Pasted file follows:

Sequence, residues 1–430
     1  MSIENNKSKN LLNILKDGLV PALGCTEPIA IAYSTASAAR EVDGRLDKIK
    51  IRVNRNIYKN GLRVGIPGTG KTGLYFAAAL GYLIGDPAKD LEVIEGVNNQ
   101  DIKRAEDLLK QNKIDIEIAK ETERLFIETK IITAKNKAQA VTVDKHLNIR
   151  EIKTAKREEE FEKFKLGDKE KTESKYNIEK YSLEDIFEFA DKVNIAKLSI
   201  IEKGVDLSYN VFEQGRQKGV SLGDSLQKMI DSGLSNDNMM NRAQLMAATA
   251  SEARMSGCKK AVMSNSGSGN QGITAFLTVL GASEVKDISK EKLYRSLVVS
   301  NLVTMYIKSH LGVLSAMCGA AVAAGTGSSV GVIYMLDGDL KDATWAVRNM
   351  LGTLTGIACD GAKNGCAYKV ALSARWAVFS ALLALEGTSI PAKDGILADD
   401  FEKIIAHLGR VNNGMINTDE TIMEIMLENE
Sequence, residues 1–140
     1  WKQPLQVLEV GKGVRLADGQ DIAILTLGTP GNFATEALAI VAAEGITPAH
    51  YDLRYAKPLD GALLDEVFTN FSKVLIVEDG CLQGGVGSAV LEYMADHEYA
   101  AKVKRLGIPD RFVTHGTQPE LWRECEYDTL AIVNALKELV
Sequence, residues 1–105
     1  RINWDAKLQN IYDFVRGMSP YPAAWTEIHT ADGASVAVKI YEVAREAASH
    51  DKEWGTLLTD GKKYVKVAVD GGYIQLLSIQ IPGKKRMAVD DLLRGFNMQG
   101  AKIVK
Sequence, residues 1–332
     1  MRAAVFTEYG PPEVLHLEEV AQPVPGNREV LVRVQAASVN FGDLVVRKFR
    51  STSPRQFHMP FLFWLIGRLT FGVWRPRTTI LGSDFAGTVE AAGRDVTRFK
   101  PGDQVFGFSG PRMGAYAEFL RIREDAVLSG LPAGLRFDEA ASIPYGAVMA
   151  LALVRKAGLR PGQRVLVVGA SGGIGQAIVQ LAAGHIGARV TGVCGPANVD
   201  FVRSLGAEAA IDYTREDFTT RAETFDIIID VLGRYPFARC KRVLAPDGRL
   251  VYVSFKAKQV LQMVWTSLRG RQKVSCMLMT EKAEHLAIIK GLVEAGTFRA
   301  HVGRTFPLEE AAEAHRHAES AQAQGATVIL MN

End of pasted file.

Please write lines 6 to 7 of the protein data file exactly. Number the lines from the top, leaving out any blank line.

   201  IEKGVDLSYN VFEQGRQKGV SLGDSLQKMI DSGLSNDNMM NRAQLMAATA
   251  SEARMSGCKK AVMSNSGSGN QGITAFLTVL GASEVKDISK EKLYRSLVVS